~ Ray, Reginald A. The Tibetan Buddhism Reader. Boston: Shambhala Publications, 2004, p. 128.
Thrangu Rinpoche
1933 ~ 2023
When the Buddha taught that sentient beings possess the sugatagarbha, it was not solely for the purpose of encouraging us to practice. He was simply stating the truth. Through understanding our real condition, how things truly are, we can then develop the perseverance and fortitude to complete our journey along the path.  
~ Thrangu Rinpoche. Buddha Nature: Ten Teachings on the Uttara Tantra Shastra. Translated by Erik Pema Kunsang. Edited by S. Lhamo. Hong Kong: Rangjung Yeshe, 1988, p. 57.
Dzongsar Jamyang Khyentse Rinpoche
When we talk about emptiness, something beyond fabrication, we immediately think of a state of being that has no function, like a couch potato or piece of stone, but that is absolutely not correct. It is not merely a negation, elimination, or denial. It is not like the exhaustion of a fire or the evaporation of water. It is full of function, and we call this function buddha activity, which is one aspect of buddhanature. This buddhanature has an aspect of uninterrupted wisdom. This is the difficulty, because as soon as we talk about wisdom, we think in terms of cognition and the senses and their sense objects. We are curious about how a buddha perceives things. But although buddhanature is seemingly a cognizer, it has no object, and therefore it cannot be a subject. Furthermore, it’s not inanimate, nor is it animate, in the sense of mind. This is why the Uttaratantra Shastra is really complementary to the Mahasandhi (Dzogchen) teachings, which always say that mind and wisdom are separate—the dualistic mind of subject and object is separate from the nondual wisdom, which is not other than buddhanature.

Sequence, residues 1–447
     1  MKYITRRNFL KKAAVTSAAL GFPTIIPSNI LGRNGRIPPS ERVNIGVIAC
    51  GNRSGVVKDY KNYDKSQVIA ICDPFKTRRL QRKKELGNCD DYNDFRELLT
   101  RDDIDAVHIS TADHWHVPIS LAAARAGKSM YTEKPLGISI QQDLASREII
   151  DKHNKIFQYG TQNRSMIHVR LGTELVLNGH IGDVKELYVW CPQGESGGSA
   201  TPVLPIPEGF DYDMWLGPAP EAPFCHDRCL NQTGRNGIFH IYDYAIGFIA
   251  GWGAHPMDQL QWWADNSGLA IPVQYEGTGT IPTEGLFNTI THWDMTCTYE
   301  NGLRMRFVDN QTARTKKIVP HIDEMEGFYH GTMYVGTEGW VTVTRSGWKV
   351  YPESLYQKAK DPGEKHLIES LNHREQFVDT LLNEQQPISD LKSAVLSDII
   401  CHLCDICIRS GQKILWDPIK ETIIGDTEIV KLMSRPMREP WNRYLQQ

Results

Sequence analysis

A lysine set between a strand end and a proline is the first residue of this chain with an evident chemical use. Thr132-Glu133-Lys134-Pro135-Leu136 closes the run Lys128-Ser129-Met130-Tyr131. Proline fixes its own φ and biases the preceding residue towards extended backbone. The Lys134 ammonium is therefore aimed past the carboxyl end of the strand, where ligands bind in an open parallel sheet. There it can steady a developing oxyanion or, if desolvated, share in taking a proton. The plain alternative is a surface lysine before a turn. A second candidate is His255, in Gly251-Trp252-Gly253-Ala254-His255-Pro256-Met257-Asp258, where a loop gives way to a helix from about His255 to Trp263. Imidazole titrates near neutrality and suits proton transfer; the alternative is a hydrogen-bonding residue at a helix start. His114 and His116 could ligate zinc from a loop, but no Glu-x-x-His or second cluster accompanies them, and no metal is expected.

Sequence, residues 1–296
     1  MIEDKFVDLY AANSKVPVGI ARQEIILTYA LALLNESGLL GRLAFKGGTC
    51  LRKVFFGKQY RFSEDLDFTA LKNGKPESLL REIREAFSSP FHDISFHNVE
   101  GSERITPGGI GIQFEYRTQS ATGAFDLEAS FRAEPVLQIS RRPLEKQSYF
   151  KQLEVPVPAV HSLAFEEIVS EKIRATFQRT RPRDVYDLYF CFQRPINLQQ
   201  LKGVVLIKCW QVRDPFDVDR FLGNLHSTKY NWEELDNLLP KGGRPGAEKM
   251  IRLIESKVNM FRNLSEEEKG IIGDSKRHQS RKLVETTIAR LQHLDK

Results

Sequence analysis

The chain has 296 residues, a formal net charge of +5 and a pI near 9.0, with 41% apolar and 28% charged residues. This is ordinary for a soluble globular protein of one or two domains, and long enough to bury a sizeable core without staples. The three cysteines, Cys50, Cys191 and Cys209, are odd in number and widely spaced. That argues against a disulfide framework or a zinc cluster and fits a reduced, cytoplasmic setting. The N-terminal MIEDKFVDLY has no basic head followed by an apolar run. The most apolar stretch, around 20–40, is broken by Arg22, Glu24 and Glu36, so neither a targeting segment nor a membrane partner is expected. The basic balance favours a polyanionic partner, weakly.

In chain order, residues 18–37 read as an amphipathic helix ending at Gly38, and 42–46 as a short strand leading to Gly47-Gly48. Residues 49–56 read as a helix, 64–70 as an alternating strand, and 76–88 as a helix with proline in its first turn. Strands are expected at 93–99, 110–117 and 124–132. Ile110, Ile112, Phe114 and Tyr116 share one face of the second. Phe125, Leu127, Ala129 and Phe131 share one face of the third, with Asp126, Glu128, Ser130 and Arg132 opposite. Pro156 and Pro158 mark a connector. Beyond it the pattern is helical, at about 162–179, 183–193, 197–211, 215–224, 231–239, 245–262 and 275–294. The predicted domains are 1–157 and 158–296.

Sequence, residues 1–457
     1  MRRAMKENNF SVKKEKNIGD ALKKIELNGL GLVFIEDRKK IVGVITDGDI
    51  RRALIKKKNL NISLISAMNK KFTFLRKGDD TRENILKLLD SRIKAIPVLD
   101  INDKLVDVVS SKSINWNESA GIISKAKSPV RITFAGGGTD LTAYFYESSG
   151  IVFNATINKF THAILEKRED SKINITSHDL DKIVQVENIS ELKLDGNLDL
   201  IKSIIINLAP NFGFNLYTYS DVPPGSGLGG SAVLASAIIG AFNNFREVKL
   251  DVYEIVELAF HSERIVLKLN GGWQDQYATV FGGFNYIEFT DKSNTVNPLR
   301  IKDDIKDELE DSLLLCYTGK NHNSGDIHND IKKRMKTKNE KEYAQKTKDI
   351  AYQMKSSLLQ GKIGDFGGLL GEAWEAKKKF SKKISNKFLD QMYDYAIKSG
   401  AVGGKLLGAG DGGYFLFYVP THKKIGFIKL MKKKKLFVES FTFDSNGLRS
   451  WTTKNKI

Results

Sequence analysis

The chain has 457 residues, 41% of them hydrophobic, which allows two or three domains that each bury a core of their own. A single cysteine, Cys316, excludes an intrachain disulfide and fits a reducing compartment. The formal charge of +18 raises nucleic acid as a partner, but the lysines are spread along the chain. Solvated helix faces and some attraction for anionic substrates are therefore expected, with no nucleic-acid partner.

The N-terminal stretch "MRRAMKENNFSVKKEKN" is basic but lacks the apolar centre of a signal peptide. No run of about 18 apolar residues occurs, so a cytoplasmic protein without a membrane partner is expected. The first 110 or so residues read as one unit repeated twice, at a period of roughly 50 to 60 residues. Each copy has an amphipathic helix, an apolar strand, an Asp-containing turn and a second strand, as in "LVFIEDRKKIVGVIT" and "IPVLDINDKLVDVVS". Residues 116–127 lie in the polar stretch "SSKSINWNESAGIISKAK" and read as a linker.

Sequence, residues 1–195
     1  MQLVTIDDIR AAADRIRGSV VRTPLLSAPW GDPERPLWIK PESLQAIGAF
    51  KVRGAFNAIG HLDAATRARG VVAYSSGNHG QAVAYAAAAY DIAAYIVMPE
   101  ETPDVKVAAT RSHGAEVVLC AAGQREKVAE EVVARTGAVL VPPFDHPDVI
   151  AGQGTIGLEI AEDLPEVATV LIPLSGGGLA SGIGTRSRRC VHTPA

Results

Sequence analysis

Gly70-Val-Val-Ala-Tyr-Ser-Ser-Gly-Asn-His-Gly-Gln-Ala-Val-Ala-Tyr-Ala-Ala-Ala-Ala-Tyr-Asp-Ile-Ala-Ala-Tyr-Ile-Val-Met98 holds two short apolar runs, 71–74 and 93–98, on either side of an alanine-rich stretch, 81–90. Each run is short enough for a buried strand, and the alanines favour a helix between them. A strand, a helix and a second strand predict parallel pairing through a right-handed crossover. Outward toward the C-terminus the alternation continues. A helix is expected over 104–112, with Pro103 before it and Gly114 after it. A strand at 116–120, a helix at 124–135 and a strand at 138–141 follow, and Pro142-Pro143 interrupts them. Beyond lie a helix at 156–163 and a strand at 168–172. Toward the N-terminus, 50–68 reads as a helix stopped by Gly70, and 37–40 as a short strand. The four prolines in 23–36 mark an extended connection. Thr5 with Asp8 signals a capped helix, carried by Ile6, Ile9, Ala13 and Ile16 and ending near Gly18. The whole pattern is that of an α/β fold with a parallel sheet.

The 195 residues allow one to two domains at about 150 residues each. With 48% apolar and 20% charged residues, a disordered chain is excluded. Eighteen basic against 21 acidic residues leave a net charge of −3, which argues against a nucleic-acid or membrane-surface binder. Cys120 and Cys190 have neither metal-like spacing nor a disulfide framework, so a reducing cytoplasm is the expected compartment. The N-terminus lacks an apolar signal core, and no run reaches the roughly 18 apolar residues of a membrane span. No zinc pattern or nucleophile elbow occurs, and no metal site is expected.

Matthieu Ricard
"Pure vision," the extraordinary outlook of the Vajrayana or Adamantine Vehicle, is to recognize Buddha-nature in all sentient beings and to see primordial purity and perfection in all phenomena. Every sentient being is endowed with the essence of Buddhahood, just as oil pervades every sesame seed. Ignorance is nothing more than lack of awareness of this very Buddha-nature, as when a pauper does not see the golden pot buried beneath his own hut. The spiritual path is thus a rediscovery of this forgotten nature, just as one sees again the immutable brilliance of the sun once the clouds that were masking it have been blown away.  
~ Ricard, Matthieu, Jakob Leschly, Erik Schmidt, Marilyn Silverstone, and Lodrö Palmo, trans. The Life of Shabkar: The Autobiography of a Tibetan Yogin. By Shabkar Tsokdruk Rangdrol (zhabs dkar tshogs drug rang grol). Edited by Constance Wilkinson, with Michal Abrams and other members of the Padmakara Translation Group. Ithaca, NY: Snow Lion Publications, 2001, translator's introduction, p. xvii.